My research interests combine biogeochemistry with sedimentology, stratigraphy, paleoceanography, and paleobiology. Specifically, I use stable isotopes (primarily carbon and sulfur) and associated fractionations to understand the chemical and biological evolution of the Earth’s oceans and atmosphere. My previous research has focused on the linkages of tectonics, oceanography, and climate change to the carbon cycle by looking at strontium, neodymium, and carbon isotopic evolution of Earth’s oceans. I am also focused the causes major transitional periods of Earth’s climate state that have often been associated with mass extinction events. Since being at Indiana University I have been working on mass independent fractionation of sulfur isotopes in early Earth history (Paleoproterozoic) and this record relates to oxidation of the atmosphere and/or sulfate reduction pathways associated with organic rich sediments and hydrothermal fluids. Another research project is on the roles of hydrogen sulfide and subsequent sulfide mineralization in preservation of soft tissues in the geologic record. My most recent research projects have involved studies of the biogeochemical cycles of sulfur in modern extreme aquatic environments in the McMurdo Dry Valleys, Antarctica and southwestern Greenland as both are potential analogues for life on Mars and/or icy planetary bodies.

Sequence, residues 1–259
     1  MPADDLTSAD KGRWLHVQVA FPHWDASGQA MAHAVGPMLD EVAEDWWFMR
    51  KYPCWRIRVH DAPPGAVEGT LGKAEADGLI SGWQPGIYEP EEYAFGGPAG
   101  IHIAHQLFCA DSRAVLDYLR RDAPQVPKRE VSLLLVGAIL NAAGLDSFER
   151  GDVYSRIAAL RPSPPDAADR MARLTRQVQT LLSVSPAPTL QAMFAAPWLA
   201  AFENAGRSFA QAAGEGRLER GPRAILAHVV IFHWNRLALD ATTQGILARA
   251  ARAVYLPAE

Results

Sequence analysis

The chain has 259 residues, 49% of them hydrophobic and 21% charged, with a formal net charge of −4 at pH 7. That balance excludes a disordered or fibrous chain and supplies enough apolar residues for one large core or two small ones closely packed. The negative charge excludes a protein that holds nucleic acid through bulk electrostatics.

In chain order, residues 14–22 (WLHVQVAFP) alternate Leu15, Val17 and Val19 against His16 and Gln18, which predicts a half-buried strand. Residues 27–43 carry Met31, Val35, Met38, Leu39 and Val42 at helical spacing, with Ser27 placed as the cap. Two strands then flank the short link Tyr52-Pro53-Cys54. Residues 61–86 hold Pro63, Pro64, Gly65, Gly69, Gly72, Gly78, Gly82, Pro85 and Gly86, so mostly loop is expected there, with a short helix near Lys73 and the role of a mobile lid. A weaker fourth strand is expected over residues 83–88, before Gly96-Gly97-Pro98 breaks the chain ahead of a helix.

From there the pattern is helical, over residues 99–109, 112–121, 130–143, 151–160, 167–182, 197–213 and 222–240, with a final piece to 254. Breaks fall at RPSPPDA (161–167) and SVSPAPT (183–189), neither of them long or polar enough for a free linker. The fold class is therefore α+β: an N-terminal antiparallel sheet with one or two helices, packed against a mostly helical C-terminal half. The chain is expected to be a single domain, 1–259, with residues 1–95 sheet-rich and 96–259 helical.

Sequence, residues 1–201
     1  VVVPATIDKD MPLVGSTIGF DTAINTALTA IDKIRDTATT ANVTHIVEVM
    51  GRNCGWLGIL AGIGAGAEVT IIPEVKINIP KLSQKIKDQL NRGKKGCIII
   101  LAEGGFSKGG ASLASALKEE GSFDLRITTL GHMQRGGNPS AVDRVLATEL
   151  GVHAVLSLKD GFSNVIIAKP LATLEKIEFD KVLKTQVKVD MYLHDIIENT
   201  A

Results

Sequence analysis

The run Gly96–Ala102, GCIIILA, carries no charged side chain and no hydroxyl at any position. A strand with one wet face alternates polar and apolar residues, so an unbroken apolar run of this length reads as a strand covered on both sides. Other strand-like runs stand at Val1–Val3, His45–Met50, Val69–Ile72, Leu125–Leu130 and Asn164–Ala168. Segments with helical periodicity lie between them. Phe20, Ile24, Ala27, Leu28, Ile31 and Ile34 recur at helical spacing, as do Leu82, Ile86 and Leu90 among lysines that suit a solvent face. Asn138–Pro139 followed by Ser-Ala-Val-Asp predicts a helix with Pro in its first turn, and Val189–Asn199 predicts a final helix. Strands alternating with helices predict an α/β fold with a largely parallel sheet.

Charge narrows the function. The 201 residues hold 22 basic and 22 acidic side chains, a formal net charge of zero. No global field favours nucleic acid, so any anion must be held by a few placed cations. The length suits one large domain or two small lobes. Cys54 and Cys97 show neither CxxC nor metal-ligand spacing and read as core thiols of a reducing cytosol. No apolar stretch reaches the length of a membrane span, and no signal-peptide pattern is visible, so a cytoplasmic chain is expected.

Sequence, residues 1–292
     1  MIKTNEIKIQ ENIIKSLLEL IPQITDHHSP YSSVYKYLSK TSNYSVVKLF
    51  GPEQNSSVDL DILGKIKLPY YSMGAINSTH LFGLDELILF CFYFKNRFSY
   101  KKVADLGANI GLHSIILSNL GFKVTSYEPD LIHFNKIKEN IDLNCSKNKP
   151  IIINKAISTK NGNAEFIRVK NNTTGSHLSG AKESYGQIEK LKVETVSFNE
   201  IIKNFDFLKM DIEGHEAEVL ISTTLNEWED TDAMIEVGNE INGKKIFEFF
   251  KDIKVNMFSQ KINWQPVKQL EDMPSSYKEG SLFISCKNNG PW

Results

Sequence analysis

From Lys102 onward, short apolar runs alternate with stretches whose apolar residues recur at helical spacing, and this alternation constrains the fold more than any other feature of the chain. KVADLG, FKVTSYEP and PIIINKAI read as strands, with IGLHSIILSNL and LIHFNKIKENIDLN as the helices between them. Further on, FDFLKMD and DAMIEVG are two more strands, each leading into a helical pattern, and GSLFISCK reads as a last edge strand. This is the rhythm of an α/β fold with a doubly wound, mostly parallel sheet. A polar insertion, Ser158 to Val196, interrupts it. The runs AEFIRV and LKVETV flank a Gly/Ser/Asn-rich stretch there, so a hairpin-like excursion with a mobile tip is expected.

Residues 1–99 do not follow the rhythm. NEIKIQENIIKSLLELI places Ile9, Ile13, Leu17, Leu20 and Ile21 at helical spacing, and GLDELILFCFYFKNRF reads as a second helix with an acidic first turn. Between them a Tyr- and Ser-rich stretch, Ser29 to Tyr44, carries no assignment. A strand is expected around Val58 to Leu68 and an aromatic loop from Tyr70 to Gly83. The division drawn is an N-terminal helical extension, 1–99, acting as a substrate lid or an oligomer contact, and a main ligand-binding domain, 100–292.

I have had experience teaching lectures and labs in Sedimentology & Stratigraphy,
Earth: Our Habitable Planet (geology for non-majors course), Paleontology & Geology
of Indiana, Historical Geology, Physical Geology, Introduction to Paleobiology, and the
History of Life on Earth.
*I am currently searching for an academic faculty position where my passions for teaching and research can continue to coalesce to educate people about the fascinating world of Earth Sciences, and to train future generations of geoscientists.